Join Date: Apr 2003
Location: The Great South West
Posts: 33,425
Just want to post to listen in on the discussion, but I find this a bit hard to swallow:

Quote:
They produce more electrical energy than they consume.
There isn't any free lunch, so even leaving aside the energy cost in the logistics aspects of getting the material there, plus the energy costs in the life cycle and maintenance of the system, I find it difficult to believe that even theoretically that such a system could possibly produce more energy than it consumes.

Other than that, I don't think there is anything fundamentally wrong with such a system, if the intent is to dispose of waste. If the intent is to generate loads of clean, cheap power, however, I don't believe that this thing is going to do that. I could be wrong of course, which is why I wanted to join the discussion...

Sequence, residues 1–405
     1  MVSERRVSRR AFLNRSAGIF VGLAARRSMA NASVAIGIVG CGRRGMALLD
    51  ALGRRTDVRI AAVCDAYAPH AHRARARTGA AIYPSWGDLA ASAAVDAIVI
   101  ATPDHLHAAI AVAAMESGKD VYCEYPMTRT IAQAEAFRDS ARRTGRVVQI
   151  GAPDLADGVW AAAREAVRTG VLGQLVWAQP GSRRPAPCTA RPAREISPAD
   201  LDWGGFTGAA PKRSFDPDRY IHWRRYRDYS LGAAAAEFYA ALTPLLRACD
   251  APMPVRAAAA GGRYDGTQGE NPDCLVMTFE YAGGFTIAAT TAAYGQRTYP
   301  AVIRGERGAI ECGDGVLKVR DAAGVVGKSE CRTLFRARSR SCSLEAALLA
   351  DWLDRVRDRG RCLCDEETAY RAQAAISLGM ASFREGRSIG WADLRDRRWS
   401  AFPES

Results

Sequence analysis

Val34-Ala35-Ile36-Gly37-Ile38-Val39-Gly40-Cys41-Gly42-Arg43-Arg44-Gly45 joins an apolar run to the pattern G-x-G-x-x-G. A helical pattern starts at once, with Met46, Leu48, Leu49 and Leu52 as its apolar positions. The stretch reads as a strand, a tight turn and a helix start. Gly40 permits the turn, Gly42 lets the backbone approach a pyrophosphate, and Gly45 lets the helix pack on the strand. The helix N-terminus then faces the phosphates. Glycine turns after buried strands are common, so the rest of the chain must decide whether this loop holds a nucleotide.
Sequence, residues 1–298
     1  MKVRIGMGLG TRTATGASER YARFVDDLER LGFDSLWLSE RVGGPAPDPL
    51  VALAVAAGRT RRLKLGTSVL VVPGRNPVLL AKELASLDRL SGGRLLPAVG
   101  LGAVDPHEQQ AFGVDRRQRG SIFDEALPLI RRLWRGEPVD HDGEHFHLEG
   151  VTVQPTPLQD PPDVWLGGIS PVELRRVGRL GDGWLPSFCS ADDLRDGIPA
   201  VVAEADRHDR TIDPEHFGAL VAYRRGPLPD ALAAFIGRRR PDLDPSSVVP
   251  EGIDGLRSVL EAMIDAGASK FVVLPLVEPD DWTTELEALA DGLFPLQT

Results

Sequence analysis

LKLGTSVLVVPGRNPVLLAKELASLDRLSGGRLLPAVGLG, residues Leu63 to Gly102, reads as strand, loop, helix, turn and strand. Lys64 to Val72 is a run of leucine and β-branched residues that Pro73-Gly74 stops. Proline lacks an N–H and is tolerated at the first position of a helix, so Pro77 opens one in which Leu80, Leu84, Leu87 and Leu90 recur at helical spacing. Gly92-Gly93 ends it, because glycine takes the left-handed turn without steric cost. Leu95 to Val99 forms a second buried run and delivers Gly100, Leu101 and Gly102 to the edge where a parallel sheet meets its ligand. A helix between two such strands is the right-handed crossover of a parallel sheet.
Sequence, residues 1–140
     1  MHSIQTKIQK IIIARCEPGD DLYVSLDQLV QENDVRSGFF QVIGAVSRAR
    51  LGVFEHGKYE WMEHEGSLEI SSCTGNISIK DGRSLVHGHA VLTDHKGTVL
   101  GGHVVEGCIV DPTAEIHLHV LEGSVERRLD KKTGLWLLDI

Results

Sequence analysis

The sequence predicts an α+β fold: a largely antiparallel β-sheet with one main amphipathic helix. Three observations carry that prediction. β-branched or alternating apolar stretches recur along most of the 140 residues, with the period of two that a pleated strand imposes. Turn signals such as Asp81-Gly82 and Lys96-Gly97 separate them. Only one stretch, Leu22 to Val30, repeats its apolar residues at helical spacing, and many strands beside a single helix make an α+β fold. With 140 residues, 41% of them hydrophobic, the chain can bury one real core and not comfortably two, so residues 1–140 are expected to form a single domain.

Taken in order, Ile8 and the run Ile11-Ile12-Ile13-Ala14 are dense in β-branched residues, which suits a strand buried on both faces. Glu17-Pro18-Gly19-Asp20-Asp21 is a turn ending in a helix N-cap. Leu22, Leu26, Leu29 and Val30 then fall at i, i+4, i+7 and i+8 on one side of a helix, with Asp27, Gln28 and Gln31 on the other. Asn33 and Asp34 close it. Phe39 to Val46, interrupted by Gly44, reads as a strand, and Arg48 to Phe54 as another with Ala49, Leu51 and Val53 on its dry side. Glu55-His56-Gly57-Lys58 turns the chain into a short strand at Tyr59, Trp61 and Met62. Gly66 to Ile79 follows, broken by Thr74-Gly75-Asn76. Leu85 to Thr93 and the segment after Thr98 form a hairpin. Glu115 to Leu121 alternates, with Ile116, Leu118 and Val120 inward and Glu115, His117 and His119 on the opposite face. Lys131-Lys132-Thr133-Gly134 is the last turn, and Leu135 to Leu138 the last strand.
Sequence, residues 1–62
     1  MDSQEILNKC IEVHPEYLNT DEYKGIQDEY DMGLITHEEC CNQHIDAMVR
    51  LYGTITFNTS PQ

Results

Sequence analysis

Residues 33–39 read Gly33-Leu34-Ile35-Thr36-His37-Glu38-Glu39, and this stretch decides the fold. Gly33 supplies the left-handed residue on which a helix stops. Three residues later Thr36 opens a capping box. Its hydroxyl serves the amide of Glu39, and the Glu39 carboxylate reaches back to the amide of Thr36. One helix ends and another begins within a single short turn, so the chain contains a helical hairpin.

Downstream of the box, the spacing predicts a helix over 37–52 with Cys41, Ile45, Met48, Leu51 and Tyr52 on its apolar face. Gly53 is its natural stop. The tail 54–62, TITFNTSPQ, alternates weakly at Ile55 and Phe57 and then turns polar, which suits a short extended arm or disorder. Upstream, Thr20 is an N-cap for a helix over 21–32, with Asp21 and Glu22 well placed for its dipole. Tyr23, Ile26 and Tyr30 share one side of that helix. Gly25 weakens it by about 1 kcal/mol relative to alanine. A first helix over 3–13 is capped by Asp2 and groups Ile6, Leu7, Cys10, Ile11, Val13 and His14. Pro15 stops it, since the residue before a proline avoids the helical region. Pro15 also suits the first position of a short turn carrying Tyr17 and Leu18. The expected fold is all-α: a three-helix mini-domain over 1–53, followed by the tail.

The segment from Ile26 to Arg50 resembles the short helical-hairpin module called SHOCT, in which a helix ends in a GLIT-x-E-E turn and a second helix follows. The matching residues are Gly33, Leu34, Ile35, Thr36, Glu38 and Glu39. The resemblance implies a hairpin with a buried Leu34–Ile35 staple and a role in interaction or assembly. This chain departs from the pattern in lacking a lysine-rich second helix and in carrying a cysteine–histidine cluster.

-XT
#5
Old 04-12-2010, 02:37 PM
Guest
Join Date: Jul 2000
Location: Bama
Posts: 10,747
Quote:
Originally Posted by xtisme View Post
Just want to post to listen in on the discussion, but I find this a bit hard to swallow:



There isn't any free lunch, so even leaving aside the energy cost in the logistics aspects of getting the material there, plus the energy costs in the life cycle and maintenance of the system, I find it difficult to believe that even theoretically that such a system could possibly produce more energy than it consumes.

Other than that, I don't think there is anything fundamentally wrong with such a system, if the intent is to dispose of waste. If the intent is to generate loads of clean, cheap power, however, I don't believe that this thing is going to do that. I could be wrong of course, which is why I wanted to join the discussion...

-XT